If that is the test of confidence, I find it astonishing that we should be asked to make an investment on the basis of such a statement. Page 5 of the NEB report says: It is the hope of the management that the new organisation structure and the creation of new management teams will also contribute positively". That is the hope. But no firm would go to the market on the basis of such a hope. On page 8 we are told in the context of the productivity crisis—and crisis it is throughout our motor car industry—that British Leyland has … adopted a cautious approach to the timing any extent of productivity improvements". At this time, when the Japanese car makers are virtually striding through world markets and knocking us off one market after the other, British Leyland adopts a cautious approach. On this basis we are asked to vote £1,000 million and are told that the board of British Leyland understands the situation and that the NEB is pleased to see that it is giving this aspect of its performance a very great deal of attention". How nice of the NEB.

I would not put £1 of my own money, let alone £10,000 or my share of the £1,000 million of public money, into British Leyland on the basis of such a prospectus. But we are told on pages 10 and 11, in an astonishing statement, that Cash provision in the form of equity is sought by the British Leyland Board in order to restore the strength of the balance sheet. How extraordinary. The concept of risk-free capital is transformed to enable the British Leyland board to borrow from the market what it could not get from equity. In another astonishing statement in the report, we are told that the NEB will want to receive a commercial return on its major investment in the company. But we are given no indication of what that return is likely to be in any positive or reassuring way.

At the end of this analysis, the question, which I have not liked to ask the British Leyland board, as it offers its stock option scheme, is whether British Leyland itself would take it up, if ever. Would the workers and managers of British Leyland themselves, with their own money, back an arrangement of this kind? The answer is "No". Surely Parliament and the public are entitled to know which segments of the NEB are succeeding and which segments are failing. The market would close down the failures. The Government will not close them down.

When the aircraft industry on the West Coast of the United States went through a critical period it was apparent that the Boeing aeroplane company was able to reduce its employment force by about 30,000 people in a short time. Some hon. Members would argue that that was a terrible thing. They would argue that it should not be allowed to happen in any circumstances. But the result was that the Boeing aeroplane company survived and recovered and is today without a doubt the world's strongest aircraft company, supplying about 93 per cent. of the civil airlines of the world.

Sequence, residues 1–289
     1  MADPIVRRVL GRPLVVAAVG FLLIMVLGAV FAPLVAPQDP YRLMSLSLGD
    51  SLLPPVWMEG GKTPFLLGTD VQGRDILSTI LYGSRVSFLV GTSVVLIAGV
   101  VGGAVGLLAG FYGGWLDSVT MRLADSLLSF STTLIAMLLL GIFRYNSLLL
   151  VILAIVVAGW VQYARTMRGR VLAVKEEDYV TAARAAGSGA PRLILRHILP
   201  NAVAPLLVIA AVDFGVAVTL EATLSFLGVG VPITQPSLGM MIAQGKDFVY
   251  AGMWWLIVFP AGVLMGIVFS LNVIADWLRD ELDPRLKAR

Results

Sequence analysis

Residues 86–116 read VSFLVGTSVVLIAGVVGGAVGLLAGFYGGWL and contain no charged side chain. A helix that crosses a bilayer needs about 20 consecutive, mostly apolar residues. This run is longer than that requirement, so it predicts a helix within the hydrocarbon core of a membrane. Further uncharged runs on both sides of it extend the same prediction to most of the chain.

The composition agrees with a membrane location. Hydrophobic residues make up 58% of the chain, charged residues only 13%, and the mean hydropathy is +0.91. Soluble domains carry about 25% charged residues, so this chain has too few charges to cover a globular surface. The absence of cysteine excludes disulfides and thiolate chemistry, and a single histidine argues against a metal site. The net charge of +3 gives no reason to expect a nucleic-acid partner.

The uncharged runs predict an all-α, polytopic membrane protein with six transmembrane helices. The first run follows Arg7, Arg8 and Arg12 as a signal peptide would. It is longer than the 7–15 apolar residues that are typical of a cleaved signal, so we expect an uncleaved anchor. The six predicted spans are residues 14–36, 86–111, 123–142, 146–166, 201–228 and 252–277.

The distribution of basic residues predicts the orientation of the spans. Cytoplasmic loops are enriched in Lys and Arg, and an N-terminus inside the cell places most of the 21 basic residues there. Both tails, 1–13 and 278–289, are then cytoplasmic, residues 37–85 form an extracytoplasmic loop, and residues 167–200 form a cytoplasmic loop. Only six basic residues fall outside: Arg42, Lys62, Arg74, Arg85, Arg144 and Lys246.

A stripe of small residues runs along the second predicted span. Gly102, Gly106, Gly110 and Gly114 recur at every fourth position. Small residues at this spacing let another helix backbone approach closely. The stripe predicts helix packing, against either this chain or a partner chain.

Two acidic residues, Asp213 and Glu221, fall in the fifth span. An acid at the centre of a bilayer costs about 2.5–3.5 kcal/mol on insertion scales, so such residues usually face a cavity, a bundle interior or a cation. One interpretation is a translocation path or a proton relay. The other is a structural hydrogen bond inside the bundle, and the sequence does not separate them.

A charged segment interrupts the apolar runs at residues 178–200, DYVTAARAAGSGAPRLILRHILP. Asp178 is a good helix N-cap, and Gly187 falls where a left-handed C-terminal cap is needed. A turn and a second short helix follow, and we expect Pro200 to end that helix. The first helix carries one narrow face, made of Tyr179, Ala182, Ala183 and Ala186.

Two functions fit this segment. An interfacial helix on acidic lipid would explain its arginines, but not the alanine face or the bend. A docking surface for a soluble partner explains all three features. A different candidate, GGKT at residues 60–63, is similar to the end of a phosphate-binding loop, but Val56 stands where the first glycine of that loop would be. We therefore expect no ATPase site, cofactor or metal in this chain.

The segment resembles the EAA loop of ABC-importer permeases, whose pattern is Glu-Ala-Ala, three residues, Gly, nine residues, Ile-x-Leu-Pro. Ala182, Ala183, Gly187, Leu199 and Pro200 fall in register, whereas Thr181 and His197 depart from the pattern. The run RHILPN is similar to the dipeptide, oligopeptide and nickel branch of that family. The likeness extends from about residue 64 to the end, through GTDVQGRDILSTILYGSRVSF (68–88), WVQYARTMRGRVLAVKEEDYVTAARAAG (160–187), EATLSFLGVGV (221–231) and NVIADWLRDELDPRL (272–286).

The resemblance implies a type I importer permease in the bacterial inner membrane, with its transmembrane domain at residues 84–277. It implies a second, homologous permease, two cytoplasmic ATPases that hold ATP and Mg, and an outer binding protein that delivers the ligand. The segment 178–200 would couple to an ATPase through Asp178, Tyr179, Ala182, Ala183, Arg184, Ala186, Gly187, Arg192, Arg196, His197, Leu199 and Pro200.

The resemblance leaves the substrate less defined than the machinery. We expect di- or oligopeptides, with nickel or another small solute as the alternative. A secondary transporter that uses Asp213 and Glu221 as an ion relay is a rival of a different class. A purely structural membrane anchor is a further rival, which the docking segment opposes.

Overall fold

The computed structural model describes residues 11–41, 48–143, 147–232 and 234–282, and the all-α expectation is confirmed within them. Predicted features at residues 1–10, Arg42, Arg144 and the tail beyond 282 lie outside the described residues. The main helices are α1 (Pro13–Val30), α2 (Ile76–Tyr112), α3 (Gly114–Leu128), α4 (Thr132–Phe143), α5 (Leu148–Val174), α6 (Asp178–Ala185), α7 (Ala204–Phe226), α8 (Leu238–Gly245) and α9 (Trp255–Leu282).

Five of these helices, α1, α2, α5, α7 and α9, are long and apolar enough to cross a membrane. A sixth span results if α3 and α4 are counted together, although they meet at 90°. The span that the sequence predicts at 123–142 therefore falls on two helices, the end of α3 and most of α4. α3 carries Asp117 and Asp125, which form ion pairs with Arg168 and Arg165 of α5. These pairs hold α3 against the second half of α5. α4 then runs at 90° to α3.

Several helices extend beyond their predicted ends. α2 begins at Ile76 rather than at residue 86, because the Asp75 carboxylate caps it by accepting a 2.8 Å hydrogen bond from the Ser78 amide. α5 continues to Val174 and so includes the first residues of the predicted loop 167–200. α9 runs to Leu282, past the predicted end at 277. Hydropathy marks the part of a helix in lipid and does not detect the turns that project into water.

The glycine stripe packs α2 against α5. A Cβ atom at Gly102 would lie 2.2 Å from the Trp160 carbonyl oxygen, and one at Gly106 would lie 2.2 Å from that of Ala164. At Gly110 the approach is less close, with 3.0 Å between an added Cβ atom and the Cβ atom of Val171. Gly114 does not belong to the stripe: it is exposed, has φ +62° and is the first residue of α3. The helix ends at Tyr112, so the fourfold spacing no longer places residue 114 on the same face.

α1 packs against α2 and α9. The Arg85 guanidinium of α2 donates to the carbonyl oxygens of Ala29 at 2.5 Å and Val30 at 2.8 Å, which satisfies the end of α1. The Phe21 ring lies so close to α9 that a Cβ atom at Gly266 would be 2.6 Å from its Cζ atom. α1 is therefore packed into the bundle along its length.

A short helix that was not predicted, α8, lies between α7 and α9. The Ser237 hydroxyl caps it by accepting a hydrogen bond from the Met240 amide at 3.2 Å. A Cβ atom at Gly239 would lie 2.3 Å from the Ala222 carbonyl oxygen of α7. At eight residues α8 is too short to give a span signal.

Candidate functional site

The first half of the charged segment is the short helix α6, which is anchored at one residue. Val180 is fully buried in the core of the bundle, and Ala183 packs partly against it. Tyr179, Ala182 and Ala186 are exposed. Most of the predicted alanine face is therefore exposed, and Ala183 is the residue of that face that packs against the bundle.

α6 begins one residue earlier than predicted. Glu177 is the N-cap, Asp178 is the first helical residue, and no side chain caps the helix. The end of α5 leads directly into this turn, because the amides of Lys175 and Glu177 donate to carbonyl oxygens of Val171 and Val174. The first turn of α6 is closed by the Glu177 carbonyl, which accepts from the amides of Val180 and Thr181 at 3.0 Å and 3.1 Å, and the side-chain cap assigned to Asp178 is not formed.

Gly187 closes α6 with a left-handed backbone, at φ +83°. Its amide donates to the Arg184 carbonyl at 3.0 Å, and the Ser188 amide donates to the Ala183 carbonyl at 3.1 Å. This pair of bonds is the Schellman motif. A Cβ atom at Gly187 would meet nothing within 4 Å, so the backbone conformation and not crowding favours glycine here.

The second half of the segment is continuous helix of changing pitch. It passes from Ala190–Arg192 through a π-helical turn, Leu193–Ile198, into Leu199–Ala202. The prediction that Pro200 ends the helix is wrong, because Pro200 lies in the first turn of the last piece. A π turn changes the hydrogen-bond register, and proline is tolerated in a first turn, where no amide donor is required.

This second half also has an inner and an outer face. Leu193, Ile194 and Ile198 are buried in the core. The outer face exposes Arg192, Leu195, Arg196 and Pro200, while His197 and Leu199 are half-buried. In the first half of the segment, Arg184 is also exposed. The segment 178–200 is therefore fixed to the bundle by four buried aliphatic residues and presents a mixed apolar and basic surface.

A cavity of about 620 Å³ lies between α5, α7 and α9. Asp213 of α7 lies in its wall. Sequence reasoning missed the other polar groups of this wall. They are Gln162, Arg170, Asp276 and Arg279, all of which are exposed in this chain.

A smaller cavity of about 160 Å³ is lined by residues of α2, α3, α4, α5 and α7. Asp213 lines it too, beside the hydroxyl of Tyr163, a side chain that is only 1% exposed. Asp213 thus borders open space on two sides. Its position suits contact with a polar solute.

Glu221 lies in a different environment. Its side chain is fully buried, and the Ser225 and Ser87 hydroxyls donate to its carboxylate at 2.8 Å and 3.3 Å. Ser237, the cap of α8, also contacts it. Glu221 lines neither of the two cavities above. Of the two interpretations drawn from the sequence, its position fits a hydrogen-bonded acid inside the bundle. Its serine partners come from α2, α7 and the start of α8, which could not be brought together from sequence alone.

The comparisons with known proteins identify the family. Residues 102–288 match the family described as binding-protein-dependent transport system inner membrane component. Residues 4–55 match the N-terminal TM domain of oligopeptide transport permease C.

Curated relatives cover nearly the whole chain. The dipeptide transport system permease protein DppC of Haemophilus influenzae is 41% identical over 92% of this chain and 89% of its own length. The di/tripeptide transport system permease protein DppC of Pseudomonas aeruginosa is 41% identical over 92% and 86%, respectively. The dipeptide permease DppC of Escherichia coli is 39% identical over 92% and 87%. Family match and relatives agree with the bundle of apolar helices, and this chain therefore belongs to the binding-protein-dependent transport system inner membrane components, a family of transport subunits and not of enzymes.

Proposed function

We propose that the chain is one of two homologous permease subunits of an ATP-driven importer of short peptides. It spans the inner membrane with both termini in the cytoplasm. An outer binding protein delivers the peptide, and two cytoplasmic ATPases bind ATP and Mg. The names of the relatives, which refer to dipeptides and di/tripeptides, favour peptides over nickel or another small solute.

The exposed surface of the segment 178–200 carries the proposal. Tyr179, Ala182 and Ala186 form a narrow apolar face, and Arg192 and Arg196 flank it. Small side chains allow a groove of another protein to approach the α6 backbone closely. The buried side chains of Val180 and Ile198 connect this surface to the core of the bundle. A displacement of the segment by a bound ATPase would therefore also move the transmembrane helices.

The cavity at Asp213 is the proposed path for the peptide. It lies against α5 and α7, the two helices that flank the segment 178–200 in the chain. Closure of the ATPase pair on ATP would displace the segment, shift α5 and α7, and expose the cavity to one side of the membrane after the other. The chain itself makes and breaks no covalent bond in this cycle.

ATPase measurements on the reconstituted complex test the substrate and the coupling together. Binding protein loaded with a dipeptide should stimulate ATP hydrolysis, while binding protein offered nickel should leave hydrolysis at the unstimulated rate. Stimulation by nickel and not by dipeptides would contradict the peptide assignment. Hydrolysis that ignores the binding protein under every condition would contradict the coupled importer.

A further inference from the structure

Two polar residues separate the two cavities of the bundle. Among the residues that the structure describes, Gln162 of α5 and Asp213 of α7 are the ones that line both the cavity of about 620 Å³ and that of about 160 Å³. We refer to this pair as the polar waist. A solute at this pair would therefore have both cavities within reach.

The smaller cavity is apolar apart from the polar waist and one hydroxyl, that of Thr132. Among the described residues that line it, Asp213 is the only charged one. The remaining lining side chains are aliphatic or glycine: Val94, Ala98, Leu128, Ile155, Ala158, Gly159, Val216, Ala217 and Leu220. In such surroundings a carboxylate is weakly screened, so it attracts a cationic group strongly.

Had there been an NEB in California at that time, what would have happened? Vast sums of public money would doubtless have been poured into Boeing and employment would have been kept at a very much higher level. All the incentives to reduce its work force and streamline its operations in order to place itself in a position from which it could recover would not have worked.

I come to the key question. Are we to improve the mobility of resources in the United Kingdom or are we not? If we go about it in this way, the answer is that we have no intention of improving the mobility of resources in the United Kingdom. If we fail to improve the mobility of industrial and economic resources in the United Kingdom, nothing that the Government can do will save us. As I see it, that is the essential argument which we have to consider tonight when we vote.

I may be asked for a specific example in the motor car industry where resources should now be invested. If one reads a small fraction of the energy papers that have been made available to hon. Members, the answer would be probably the development of electric propulsion vehicles. How much are we spending in that regard? Is it a matter of millions of pounds, or tens of thousands of pounds? It is certainly under £10 million. If we are talking in the order of putting up public money of £3 million or £4 million, I would suggest that in the energy situation in which we find ourselves this is the sort of area into which new investment should be going.

My conclusion is that no Government of either party can save British Leyland. No Government of either party, by coming to the taxpayer for hundreds of millions of pounds, can save British Leyland for more than two or three years at the very outside. British Leyland's salvation depends on its own employees. The House of Commons and the taxpayers must be given much more convincing and persuasive evidence that the employees of British Leyland realise that their destiny lies in their own hands.